“She has to have a positive, inspiring message. And right now her message is, it’s my turn,” said Mike Belgard, a 47-year-old tech worker who made the decision to vote for Sanders as he approached his polling place in the Curtis Park neighborhood of Sacramento. “I don’t know what Hillary stands for, other than getting elected.”
At the Inglewood Community Church, nestled next to a smog check and auto repair center, some Democrats could not wrap their head around the idea of ultimately supporting Clinton.
“It’s hard to trust someone who won’t even release transcripts from speeches she gives,” said Adilene Gloria, 26, an administrative worker. She was referring to Clinton’s refusal to provide transcripts of speeches she’s given to Wall Street firms. “There’s a long ways until the November election, but I need to feel some trust with her .… I’m not feeling that now,” Gloria said.
Yet there were also plenty of Clinton supporters enthusiastically casting ballots for their candidate, some of them delighted by the chance to be a part of history in helping her become the first female presidential nominee of a major political party.
“I like a lot about her, but one thing I like the most is that it’s time for a woman to run this country because the men, they don’t do right,” said Thelonious Cotton, 56, a newspaper delivery driver who cast his ballot in Long Beach.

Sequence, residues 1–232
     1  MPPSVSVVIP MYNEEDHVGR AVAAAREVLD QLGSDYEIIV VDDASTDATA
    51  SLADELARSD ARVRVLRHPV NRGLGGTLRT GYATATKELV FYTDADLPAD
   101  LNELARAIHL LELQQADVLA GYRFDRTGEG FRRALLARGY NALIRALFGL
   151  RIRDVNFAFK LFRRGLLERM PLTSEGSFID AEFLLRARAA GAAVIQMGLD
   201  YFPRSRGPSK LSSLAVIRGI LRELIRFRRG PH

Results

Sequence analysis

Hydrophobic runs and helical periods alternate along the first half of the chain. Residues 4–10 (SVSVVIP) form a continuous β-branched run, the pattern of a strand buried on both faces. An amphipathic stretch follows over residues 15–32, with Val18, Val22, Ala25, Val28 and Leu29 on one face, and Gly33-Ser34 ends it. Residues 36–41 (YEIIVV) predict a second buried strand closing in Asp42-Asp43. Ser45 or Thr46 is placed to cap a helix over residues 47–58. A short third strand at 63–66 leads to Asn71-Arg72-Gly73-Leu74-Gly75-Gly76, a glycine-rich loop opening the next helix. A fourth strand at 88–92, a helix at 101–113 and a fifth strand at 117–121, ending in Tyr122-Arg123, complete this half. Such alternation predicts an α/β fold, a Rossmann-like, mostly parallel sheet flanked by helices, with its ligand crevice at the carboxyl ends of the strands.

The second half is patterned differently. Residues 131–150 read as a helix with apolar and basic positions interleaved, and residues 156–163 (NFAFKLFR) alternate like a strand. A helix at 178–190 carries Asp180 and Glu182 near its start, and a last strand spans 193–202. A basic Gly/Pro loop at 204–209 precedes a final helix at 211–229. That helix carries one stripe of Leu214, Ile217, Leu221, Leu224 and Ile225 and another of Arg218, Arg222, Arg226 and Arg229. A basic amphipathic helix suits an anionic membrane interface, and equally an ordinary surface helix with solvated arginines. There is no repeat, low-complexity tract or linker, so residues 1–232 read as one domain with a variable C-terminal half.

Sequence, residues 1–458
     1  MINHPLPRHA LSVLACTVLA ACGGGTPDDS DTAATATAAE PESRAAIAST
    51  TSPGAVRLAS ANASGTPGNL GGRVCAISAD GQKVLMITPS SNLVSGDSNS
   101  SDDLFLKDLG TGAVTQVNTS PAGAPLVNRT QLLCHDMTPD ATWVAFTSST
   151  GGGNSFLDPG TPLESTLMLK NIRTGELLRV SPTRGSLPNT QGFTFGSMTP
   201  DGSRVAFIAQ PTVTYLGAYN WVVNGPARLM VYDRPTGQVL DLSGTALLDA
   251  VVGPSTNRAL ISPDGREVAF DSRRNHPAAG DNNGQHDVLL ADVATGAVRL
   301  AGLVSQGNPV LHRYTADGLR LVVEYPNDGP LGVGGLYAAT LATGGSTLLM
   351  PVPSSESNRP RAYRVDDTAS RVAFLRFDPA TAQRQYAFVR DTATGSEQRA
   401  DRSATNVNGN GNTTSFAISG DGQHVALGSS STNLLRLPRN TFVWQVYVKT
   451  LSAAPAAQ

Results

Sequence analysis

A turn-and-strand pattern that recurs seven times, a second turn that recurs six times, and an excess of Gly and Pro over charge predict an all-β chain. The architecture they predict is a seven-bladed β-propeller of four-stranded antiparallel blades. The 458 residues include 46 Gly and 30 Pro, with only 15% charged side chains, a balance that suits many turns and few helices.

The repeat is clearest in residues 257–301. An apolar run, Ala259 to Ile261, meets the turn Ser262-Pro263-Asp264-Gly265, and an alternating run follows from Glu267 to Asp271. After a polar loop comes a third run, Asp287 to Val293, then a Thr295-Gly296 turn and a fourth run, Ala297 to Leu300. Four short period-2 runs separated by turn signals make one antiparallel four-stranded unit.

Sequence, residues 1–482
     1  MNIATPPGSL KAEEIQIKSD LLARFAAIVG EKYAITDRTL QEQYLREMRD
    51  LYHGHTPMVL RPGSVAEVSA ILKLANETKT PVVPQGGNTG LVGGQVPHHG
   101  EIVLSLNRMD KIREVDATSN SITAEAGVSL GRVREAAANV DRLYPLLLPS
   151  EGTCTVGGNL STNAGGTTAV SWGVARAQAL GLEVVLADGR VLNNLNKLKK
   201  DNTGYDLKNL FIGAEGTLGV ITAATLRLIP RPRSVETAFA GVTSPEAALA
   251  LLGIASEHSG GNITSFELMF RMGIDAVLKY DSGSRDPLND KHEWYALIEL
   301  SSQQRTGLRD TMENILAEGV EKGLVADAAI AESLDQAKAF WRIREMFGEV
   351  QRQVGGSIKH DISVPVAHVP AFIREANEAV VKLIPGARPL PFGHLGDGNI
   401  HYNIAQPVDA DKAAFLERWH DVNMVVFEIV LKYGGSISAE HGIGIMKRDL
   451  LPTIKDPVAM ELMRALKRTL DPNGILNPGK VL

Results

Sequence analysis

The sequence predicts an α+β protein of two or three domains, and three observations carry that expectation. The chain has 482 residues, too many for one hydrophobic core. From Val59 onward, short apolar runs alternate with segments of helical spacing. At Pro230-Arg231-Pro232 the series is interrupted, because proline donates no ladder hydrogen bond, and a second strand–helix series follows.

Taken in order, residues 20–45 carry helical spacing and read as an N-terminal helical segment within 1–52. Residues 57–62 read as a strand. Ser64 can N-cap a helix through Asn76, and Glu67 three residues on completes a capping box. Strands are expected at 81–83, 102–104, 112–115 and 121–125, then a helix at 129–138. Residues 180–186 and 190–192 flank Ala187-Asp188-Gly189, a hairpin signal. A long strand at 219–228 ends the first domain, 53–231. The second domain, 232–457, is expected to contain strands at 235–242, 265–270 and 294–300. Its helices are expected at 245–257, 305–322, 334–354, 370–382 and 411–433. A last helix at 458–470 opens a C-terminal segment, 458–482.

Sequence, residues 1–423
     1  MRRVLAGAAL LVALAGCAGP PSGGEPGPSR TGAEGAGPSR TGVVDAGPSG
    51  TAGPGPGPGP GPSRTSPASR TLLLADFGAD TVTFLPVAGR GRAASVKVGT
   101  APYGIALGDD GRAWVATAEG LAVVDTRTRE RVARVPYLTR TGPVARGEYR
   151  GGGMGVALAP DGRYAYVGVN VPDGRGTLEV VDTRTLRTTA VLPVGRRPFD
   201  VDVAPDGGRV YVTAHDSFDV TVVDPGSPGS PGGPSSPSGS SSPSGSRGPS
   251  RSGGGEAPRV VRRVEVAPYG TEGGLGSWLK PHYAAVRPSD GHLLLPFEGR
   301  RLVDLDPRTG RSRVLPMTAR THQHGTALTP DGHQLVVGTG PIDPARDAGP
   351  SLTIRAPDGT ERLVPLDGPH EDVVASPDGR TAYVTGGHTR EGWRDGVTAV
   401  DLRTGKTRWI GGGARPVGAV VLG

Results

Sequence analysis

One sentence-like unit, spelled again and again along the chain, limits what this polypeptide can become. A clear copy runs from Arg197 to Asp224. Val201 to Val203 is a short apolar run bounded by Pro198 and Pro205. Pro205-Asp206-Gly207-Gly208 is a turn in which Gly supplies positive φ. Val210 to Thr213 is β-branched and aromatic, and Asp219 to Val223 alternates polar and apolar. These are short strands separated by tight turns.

“I always watched her career and admired her as a young woman who’s career-minded,” said Kelly Crown, 25, a healthcare business analyst who voted for Clinton in Echo Park. Crown said she was a big fan of Clinton’s book “Living History.” “Yes, she’s made mistakes,” Crown said. “She’s gone through a lot of stuff in her life, and I have a lot of respect for her.”
The newly wed Crown came to the polls with her husband, Kyle. He voted for Sanders. But like many others who did the same, he said he will vote for Clinton without reservation in the fall. Donald Trump, he said, must be stopped.
“I think most Bernie supporters would be doing a disservice by letting Trump come anywhere close to winning,” said Crown, a 25-year-old property manager.
Back in Long Beach, Cotton concurred, dismissing concerns that people see Clinton as untrustworthy or scandal-prone. “I don’t have any question about what she done did because people have done more crooked things than that,” he said.
Throughout California, voters had no shortage of advice for what Clinton should do next.
In Berkeley, Valerie Dow suggested that Clinton reach out to Sanders’ supporters in their natural habitat: social media. “She’s going to have to start building a network,” said Dow, a 63-year-old employee of UC Berkeley.
Berkeley physician Laura Wise, who said she voted for Clinton even though “I don’t have a lot of faith in what she says,” recommended that Clinton heed the Sanders message that “corporate personhood is a threat to democracy.”
In Santa Monica, however, film industry worker Tyler Romer, 41, didn’t see point voting Tuesday morning. He opted instead to hang out in the Blue Daisy cafe with a plate of eggs Benedict.
He said California only matters in national politics when it comes to fundraising for campaigns, as the state consistently votes Democratic.
“Raise your money here and leave – that’s the motto of presidential candidates,” he said. “Will California voters ever really matter? Not likely.”
Lee reported from Inglewood, Mason from Berkeley and Halper from Washington.Staff writers Chris Megerian in Sacramento, Seema Mehta in Long Beach and Michael Finnegan and Kate Linthicum in Los Angeles contributed to this report.